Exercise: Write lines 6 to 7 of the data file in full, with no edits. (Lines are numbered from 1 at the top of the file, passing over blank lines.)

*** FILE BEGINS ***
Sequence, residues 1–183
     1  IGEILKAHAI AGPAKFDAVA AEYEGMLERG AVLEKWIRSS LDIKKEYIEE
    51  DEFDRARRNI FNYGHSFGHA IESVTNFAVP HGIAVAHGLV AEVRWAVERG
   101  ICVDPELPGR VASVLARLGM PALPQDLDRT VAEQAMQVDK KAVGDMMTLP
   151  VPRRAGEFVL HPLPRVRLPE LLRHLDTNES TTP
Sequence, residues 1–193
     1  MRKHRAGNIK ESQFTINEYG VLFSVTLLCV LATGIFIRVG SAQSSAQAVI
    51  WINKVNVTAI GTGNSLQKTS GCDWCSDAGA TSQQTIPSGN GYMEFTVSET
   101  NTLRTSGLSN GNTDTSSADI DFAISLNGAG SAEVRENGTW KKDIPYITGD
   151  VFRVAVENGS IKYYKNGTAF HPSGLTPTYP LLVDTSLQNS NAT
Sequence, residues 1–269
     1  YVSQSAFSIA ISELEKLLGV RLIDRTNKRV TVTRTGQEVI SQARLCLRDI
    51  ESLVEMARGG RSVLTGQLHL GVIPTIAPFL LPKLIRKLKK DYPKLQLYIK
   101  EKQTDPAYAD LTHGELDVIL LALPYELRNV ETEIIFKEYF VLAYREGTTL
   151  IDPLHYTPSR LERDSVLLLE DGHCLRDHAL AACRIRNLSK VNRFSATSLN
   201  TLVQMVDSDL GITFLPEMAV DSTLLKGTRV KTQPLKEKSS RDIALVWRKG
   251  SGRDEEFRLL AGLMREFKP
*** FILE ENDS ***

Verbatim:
Sequence, residues 1–193
     1  MRKHRAGNIK ESQFTINEYG VLFSVTLLCV LATGIFIRVG SAQSSAQAVI